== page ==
• Ty Roberts July 13, 2017, 6:39 am

    “…mourning his old life and learning how to breathe in his new one.” That’s the best line I’ve read in two months.

    Learning how to breath life back into your life is the skeleton key of happiness.

    Great story, ER Dude!

    • Early Retirement Dude July 13, 2017, 9:39 am

      Thanks! Out of curiosity:

      >That’s the best line I’ve read in two months.

      What was the one you read two months ago?

      • Ty Roberts July 13, 2017, 5:59 pm

        Didn’t actually have a specific line in mind. Was just trying to convey that it jumped out at me like nothing else has in quite a while.

  • Budget on a Stick July 13, 2017, 7:00 am

    Never really thought about the middle ground between “normal” (sky high debt and no savings) and FI/RE.

    In the end it’s about enjoying the journey. Thank you! ?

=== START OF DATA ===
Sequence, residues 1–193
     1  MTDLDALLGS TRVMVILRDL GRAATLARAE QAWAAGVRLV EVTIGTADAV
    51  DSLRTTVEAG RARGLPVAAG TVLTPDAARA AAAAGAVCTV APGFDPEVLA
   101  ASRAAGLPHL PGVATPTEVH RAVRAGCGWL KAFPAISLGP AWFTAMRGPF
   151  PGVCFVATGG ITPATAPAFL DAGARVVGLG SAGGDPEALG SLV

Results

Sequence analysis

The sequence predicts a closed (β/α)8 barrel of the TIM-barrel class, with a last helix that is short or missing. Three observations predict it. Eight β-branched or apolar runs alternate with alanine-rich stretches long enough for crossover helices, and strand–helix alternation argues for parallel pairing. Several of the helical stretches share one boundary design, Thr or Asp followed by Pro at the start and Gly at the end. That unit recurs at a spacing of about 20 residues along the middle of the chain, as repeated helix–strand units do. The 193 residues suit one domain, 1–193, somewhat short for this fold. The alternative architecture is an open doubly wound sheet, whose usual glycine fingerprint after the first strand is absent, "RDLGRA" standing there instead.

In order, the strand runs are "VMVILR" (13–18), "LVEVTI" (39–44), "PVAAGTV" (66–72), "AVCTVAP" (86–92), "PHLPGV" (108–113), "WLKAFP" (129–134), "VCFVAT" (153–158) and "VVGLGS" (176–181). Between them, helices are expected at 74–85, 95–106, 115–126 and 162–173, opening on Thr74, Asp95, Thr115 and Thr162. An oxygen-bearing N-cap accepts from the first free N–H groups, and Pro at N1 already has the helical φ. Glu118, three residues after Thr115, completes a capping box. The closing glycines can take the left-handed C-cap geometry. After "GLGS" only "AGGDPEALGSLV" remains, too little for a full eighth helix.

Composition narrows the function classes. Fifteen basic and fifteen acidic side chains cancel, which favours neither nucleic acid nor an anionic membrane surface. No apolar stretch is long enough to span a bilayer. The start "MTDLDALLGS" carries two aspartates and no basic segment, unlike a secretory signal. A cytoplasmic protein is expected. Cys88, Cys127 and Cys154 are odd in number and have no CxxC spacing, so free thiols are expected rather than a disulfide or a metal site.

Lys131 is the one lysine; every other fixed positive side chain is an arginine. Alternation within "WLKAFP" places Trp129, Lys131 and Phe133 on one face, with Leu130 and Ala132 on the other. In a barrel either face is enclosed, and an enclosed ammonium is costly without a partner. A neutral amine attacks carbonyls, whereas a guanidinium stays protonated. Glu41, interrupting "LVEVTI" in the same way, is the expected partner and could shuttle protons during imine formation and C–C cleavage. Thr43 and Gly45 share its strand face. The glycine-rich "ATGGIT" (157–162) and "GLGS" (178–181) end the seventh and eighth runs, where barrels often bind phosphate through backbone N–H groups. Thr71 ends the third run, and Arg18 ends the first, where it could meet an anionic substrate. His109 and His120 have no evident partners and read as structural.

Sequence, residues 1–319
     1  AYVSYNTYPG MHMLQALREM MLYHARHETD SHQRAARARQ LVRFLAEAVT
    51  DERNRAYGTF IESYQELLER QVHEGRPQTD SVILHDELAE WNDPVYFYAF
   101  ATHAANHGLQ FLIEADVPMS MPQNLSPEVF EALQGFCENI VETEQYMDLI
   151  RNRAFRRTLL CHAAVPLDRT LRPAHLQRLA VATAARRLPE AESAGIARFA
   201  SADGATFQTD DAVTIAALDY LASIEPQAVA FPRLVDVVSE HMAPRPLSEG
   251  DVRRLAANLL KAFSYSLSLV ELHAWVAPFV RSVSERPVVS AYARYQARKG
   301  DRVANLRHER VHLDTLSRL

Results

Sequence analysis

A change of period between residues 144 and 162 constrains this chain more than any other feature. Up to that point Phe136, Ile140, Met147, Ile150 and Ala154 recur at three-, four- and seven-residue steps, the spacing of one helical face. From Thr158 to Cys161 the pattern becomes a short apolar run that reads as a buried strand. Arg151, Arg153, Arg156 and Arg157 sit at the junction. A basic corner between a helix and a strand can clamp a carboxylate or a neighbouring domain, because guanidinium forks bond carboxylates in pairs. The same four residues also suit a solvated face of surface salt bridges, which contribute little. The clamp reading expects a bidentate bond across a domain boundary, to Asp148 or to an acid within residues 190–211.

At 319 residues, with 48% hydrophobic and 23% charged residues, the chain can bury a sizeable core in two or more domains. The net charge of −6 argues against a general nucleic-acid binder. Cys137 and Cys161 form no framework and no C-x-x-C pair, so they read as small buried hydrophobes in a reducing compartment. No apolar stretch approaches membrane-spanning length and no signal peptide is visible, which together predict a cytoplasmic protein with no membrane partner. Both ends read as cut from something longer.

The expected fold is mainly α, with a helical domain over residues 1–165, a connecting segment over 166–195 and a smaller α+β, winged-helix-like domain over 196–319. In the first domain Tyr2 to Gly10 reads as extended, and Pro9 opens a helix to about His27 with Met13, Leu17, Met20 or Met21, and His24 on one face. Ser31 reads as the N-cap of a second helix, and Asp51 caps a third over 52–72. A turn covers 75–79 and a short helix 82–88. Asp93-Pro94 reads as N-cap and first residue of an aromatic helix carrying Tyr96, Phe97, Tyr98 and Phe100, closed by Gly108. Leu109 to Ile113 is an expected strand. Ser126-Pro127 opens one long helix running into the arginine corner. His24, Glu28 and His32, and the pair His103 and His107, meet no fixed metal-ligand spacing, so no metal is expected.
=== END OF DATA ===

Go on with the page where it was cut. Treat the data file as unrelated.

• Counting Quarters July 13, 2017, 8:24 am

    My parents are very much in a similar situation. They neither drastically saved or spent lavishly. They always kept a balance. We didn’t go on big vacations every year, but we did every few. They are retired now and keeping things simple. Traveling when they want, and relaxing poolside.

  • [email protected] July 13, 2017, 8:41 am

    Good story.

    Everyone has to live their own life, and work towards their own goals. People value all sorts of things, so its difficult to put your goals onto their lives. Sounds like your friend was a success.

  • Mr. Tako July 13, 2017, 9:35 am

    Great story ERD! I think this illustrates one of the main advantages of FI — the ability to choose the work you want, not just the one that pays the most.

    After years of working the “for the money” jobs, I’m now free to take any work that I want! It’s pretty awesome!

  • Early Retirement Dude July 13, 2017, 9:55 am

    Funny how nobody has yet guessed the meaning of the nickname “Serrano.”

    • retirebyforty July 13, 2017, 4:31 pm

      I have no idea. Did he play for the Red Hot Chili Peppers?

    • Mike in NH July 17, 2017, 7:12 am